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For 2021 - online Python 3 training - see ((here)).

Our plans were to retire in summer 2020 and see the world, but Coronavirus has lead us into a lot of lockdown programming in Python 3 and PHP 7.
We can now offer tailored online training - small groups, real tutors - works really well for groups of 4 to 14 delegates. Anywhere in the world; course language English.

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Multiple processes (forking) in Python

What is forking

If you want a process to head off in two different directions, you can fork it. That results in identical copies of the process being created - the original (parent) and the copy (child), each with their own complete set of variables, and program counter, etc.

The clever thing is that the parent can tell it's the parent because the fork function return the process id of the child to it, and the child can tell its the child because it gets a false return from the fork. Thus you can test the code and have parent and child go off in different logic:

gerald = fork()
if not gerald:
  # child - doesn't know parent's PID
else:
  # parent - gets process id of child


Full Sample source

Why would you fork a process?

If you're writing something like a print driver, then it can be a good idea to fork a process off to print, while you continue with the main parent code.

We've got an example of this technique in use to "ping" to a whole series of remote systems ... forking off a new child each time that an IP address is entered, with potentially lots of children waiting for slow / inaccessible hosts in parallel

Full Sample Source

What is you want to correlate responses from the children?

The "trick" here is to open a pipe before you fork; forking connects the read handle in the child to the write handle in the parent, and vice versa, so that the child can remain in touch with the child.

Full Sample source

Note that that parent process will now have to wait for the child - so you're not getting the same parallel benefits. You can use signals, and methods that check whether data's available in the buffers, to add greater flexibility if you need to do so.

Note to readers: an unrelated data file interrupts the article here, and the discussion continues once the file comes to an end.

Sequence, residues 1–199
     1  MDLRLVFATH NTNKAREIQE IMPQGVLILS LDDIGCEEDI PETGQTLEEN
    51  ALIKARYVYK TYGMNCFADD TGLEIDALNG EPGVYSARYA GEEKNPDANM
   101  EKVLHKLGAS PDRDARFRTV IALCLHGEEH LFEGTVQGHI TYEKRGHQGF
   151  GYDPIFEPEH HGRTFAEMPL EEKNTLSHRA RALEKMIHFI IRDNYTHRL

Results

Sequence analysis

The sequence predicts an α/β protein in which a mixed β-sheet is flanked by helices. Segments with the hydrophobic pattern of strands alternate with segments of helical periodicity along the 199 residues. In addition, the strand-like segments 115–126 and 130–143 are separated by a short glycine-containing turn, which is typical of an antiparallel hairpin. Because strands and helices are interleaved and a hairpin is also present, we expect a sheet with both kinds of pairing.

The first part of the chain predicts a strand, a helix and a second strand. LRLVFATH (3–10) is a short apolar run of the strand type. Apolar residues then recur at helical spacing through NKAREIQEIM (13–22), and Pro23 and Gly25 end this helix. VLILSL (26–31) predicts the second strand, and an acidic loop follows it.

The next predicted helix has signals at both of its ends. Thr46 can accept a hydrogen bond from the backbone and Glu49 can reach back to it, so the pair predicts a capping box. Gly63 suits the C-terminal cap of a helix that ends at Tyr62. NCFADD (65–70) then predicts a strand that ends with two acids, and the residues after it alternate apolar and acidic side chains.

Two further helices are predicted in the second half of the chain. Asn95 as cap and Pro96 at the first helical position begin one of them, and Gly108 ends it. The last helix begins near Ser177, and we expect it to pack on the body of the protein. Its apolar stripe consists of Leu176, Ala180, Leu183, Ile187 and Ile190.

Alternatives

Python threads are a lighter weight way of parallel processing - where execution remains within a single process. I've got an article about that [here] in the solution centre.

You can also start off two completely independent processes - on the same computer or on different computers - and have them talk through a network port - TCP or UDP. That's a subject for a further post! Now made [here]

(written 2010-03-25)

 
Associated topics are indexed as below, or enter http://melksh.am/nnnn for individual articles
Y303 - Python Network Programming
  [2365] Counting Words in Python via the web - (2009-08-18)
  [2368] Python - fresh examples of all the fundamentals - (2009-08-20)
  [2695] TCP v UDP / Client v Server - Python examples - (2010-03-25)
  [2765] Running operating system commands from your Python program - (2010-05-14)
  [4087] Python network programming - new FTP and socket level examples - (2013-05-14)

P223 - Perl - Interprocess Communication
  [604] Perl - multiprocess applications - (2006-02-13)
  [1918] Perl Socket Programming Examples - (2008-12-02)
  [2970] Perl - doing several things at the same time - (2010-09-25)
  [3010] Children, zombies, and reaping processes - (2010-10-23)
  [3011] What are .pid files? - (2010-10-23)
  [3412] Handling binary data in Perl is easy! - (2011-08-30)
  [3940] Run other processes from within your Perl program - (2012-12-03)


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Multiple processes (forking) in Python
Methods that run on classes (static methods) in Python
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This is a page archived from The Horse's Mouth at http://www.wellho.net/horse/ - the diary and writings of Graham Ellis. Every attempt was made to provide current information at the time the page was written, but things do move forward in our business - new software releases, price changes, new techniques. Please check back via our main site for current courses, prices, versions, etc - any mention of a price in "The Horse's Mouth" cannot be taken as an offer to supply at that price.

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